Though short, Dino Crisis has just enough material to provide re-playability and has very tense moments. But it also has lighter moments, which gives it an excellent balance in my opinion. The characters are well done, each having their own personality. Gail is no nonsense, and tough as nails, Rick is more laid back and the team’s comedian while Regina is in the middle, sharing the best qualities of her teammates.

I think Dino Crisis might be a good game to start with if you’re interested in trying a survival horror game. It’s a little more panic inducing than outright scary but still an entertaining member of the genre.

 

Horror Video Games Part 1: Castlevania N64

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I am a gamer, have been since first playing games on the Atari system when I was a kid. My first horror game was Friday the 13th on the NES (Nintendo Entertainment System) and I remember playing it with my heart in my throat. Jason, in all his pixelated glory, was a near unbeatable foe. I never could survive an encounter with him. But, I think it was Castlevania for the N64 that woke a deep love for horror games in me.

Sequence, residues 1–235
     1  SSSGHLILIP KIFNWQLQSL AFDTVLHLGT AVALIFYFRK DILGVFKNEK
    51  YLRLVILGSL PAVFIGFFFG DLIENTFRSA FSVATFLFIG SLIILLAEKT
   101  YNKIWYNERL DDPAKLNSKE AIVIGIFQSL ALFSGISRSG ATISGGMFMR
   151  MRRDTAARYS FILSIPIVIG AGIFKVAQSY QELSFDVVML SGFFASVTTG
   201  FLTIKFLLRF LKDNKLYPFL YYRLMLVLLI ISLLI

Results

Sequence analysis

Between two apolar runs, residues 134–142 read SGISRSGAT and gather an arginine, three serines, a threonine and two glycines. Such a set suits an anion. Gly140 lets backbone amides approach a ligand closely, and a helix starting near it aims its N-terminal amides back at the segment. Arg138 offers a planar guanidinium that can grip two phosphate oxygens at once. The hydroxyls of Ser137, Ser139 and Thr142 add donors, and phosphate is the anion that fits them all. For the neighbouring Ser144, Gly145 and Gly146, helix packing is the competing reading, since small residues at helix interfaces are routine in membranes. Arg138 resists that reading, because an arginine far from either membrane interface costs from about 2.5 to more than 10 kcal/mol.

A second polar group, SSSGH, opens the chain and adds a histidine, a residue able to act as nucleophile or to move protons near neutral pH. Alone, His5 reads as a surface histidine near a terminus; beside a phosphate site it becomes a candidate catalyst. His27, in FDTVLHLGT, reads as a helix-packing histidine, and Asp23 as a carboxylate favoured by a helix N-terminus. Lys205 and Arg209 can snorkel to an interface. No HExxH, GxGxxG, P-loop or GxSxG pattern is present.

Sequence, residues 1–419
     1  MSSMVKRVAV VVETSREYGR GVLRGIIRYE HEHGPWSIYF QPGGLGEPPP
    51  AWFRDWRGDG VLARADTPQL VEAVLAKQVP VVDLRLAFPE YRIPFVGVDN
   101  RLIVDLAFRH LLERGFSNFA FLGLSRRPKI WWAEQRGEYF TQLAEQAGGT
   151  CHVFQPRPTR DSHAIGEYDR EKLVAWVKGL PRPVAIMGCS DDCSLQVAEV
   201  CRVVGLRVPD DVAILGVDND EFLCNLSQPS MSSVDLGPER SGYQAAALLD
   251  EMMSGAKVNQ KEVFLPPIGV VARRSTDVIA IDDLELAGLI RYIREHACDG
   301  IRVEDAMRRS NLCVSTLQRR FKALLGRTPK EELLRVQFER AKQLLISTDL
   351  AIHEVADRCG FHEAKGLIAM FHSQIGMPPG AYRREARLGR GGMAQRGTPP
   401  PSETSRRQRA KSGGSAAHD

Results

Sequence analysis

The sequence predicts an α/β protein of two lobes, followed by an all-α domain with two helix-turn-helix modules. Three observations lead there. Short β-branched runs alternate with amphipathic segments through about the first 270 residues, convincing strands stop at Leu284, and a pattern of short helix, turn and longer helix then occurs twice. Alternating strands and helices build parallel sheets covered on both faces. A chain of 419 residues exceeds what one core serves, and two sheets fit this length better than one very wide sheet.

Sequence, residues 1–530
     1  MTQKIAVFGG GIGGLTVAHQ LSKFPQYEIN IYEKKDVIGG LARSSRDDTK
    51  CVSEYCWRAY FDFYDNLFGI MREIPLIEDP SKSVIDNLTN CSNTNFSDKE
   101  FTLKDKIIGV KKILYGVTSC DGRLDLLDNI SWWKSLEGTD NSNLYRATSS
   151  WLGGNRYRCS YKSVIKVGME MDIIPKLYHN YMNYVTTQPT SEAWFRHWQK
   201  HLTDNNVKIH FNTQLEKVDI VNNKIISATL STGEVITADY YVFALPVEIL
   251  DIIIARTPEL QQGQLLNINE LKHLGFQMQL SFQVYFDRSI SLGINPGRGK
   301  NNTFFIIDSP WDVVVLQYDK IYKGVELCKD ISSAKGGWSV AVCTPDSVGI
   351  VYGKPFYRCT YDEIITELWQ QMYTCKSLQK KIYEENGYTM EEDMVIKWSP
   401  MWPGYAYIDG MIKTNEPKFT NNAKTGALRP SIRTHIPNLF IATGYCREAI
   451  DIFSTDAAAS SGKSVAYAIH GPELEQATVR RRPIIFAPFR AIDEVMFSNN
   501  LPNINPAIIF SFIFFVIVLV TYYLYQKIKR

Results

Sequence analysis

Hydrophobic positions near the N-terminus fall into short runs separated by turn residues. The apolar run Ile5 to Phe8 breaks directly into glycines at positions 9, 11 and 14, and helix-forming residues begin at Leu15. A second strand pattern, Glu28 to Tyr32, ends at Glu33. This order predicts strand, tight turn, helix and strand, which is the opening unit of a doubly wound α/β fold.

Castlevania

The opening of this game still excites me, a sweeping view of a grand castle and the strains of a haunting and melancholy tune played on a violin by Malus. There are two playable characters: Reinhardt Schneider and Carrie Fernandez. Each have their own special weapons. Reinhardt has a whip and a dagger, while Carrie has magic orbs that home in on targets and a set of rings.

They share the same adventure, trekking through the Forest of Silence, the Castle Wall and then the Villa but then diverges to separate levels unique to one character. Some levels can only be accessed through Carrie (i.e. the Underground Waterway) or Reinhardt (i.e. the Tunnels). Others are shared. There are also several different endings that can be unlocked. That makes this game have a great re-playability.